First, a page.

Worship 9th May 2021


A Candle in the Darkness

About 30 years ago (1989) in Timisoara, Romania, Laszlo Tokes became pastor of Timisoara’s small Hungarian Reformed Church. Tokes preached the Gospel boldly, and within two years membership had swelled to five thousand.

But success can be dangerous in a Communist country. Authorities stationed police officers in front of the church on Sundays, cradling machine guns. They hired thugs to attack Pastor Tokes. They confiscated his ration book so he couldn’t buy food or fuel. Finally, in December 1989, they decided to send him into exile.

But when police arrived to hustle Pastor Tokes away, they were stopped cold. Around the entrance of the church stood a wall of humanity. Members of other churches—Baptist, Adventist, Pentecostal, Orthodox, Catholic—had joined together to protest.

Though police tried to disperse the crowd, the people held their post all day and into the night. Then, just after midnight, a 19-year-old Baptist student named Daniel Gavra pulled out a packet of candles. He lit one and passed it to his neighbour.

When Tokes peered out of the window, he was struck by the warm glow reflecting off hundreds of faces. That moment, he said later, was the “turning point in my life.” His religious prejudices evaporated. Here were members of the body of Christ, completely disregarding denominational divisions, joining hands in his defence.

It was a moving testimony to Christian unity.

The crowd stayed all through the night—and the next night. Finally police broke through. They bashed in the church door, bloodied Pastor Tokes’ face, and then paraded him and his wife through the crowd and out into the night.

But that was not the end.

No, the religious protest led—as it always does—to political protest. The people streamed to the city square and began a full-scale demonstration against the Communist government. Again Daniel passed out his candles.

First they had burned for Christian unity; now they burned for freedom.

This was more than the government could tolerate. They brought in troops and ordered them to open fire on the crowd. Hundreds were shot. Young Daniel felt a searing pain as his leg was blown off. But the people of Timisoara stood bravely against the barrage of bullets.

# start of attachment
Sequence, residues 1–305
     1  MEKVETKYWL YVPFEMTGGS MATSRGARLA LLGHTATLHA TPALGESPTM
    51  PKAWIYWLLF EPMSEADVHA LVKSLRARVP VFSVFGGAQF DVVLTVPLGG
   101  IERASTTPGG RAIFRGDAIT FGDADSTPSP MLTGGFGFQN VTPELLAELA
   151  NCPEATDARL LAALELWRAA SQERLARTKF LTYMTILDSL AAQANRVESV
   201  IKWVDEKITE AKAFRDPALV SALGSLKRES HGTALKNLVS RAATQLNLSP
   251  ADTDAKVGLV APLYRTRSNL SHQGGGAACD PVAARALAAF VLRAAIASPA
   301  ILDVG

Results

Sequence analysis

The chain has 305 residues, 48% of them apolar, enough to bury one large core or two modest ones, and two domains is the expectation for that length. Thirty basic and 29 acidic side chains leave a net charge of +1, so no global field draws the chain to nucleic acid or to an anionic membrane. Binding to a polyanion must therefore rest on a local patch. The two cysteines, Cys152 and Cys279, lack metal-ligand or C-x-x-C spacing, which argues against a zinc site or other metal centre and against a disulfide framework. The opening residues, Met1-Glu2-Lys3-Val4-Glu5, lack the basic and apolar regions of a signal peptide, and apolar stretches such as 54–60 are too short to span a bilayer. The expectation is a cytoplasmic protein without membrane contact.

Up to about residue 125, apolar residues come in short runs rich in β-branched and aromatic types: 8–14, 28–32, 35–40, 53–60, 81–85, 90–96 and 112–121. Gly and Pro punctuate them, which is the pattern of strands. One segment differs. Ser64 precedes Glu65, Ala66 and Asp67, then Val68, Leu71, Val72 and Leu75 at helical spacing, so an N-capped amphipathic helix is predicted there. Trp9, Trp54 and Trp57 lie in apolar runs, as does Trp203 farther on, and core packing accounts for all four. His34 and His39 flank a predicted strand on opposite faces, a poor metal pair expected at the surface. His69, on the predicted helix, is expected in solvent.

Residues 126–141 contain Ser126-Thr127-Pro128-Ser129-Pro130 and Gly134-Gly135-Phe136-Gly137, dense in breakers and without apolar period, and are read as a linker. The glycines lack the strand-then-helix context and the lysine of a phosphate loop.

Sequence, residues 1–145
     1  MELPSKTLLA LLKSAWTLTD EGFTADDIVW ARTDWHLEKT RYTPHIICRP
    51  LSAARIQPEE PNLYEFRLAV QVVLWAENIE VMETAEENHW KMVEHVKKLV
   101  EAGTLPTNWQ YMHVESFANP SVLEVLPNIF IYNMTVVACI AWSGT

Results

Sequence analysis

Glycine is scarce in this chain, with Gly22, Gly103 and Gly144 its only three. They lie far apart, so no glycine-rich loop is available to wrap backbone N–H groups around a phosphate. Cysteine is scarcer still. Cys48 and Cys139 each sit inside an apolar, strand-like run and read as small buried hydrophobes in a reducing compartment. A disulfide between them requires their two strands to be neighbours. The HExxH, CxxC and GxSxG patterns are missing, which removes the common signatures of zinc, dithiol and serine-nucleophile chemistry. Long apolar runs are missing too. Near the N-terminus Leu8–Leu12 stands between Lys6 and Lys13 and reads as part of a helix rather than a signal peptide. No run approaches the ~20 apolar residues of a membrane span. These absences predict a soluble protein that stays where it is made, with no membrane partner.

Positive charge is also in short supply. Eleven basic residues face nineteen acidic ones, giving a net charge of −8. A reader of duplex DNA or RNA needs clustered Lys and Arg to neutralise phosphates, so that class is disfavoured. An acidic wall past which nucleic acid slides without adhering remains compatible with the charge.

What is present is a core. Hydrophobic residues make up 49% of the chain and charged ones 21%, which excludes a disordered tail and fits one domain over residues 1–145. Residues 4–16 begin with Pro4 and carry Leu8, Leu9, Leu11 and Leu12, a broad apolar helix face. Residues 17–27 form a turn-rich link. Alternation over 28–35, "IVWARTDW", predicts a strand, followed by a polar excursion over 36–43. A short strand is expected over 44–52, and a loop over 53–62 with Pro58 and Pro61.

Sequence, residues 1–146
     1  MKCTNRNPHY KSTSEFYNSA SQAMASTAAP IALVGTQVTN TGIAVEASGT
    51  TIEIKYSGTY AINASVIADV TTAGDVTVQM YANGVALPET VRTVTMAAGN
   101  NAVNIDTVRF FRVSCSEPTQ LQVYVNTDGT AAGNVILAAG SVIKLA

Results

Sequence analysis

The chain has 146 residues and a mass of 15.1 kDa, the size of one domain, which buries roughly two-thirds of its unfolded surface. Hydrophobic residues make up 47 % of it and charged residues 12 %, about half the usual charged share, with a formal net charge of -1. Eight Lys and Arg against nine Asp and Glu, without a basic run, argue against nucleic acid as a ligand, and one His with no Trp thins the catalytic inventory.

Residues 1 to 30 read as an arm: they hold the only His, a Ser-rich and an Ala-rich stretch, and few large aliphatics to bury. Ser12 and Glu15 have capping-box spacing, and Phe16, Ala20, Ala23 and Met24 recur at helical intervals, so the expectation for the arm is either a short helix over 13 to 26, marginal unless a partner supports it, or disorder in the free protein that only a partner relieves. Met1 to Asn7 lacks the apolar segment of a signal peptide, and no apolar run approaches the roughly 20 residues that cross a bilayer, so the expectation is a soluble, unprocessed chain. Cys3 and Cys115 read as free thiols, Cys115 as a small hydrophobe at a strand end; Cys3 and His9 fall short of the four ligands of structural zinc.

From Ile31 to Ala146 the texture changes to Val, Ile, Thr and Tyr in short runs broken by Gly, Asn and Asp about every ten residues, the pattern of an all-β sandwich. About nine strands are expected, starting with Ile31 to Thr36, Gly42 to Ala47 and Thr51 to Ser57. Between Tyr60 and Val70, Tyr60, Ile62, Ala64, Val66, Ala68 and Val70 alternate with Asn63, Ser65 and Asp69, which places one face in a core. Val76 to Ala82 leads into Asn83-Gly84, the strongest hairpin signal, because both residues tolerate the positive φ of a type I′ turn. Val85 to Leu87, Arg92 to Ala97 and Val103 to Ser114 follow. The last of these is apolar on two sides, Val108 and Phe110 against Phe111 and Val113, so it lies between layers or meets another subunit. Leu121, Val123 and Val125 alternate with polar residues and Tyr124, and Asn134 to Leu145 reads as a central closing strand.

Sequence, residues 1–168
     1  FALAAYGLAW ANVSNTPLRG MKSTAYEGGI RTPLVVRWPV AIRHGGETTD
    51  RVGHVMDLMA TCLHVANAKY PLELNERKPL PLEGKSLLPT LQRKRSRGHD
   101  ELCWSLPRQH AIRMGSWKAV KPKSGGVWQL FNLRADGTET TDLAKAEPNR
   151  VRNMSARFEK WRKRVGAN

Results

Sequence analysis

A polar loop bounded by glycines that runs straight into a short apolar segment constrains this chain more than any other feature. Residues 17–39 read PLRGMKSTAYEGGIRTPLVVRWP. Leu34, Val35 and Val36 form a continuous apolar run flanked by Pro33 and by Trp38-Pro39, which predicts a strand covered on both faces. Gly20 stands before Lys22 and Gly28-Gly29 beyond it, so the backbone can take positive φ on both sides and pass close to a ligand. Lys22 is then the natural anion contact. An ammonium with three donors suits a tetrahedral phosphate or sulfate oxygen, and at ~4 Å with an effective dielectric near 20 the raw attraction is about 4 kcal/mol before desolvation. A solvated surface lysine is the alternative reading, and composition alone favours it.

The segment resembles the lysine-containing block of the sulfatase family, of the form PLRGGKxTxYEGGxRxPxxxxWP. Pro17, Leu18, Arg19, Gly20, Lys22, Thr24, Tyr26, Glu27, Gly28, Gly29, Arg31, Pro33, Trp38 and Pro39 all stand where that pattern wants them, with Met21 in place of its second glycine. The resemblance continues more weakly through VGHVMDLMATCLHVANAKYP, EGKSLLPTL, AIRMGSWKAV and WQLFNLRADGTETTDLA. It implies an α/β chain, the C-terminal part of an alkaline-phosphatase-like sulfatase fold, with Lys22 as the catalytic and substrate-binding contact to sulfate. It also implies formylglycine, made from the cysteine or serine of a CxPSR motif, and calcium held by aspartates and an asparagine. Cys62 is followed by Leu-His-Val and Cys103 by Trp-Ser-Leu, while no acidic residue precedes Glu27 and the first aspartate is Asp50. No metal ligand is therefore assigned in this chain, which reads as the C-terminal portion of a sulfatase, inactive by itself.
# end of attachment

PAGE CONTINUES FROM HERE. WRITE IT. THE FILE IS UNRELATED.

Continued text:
And by their example they inspired the entire population of Romania. Within days the nation had risen up and the bloody dictator Ceausescu was gone.

For the first time in half a century, Romanians celebrated Christmas in freedom.

Daniel celebrated in the hospital, where he was learning to walk with crutches. His pastor came to offer sympathy, but Daniel wasn’t looking for sympathy.

“Pastor, I don’t mind so much the loss of a leg,” he said. “After all, it was I who lit the first candle.”

The candle that lit up an entire country.

With a candle, a nineteen-year-old boy sparked a revolution that is still being felt today. Romania is a free country thanks to the efforts of people like Daniel Gavra who were willing to put their lives on the line for the sake of the Gospel and for basic human rights.

You can make a difference wherever you are if you are willing to take a stand. Don’t wait for everyone else to do it. Be the first to light your candle.

John 8:12

12 When Jesus spoke again to the people, he said, “I am the light of the world. Whoever follows me will never walk in darkness, but will have the light of life.”

Matthew 5 ;14-16

“You are the light of the world. A town built on a hill cannot be hidden. Neither do people light a lamp and put it under a bowl. Instead they put it on its stand, and it gives light to everyone in the house. In the same way, let your light shine before others, that they may see your good deeds and glorify your Father in heaven.


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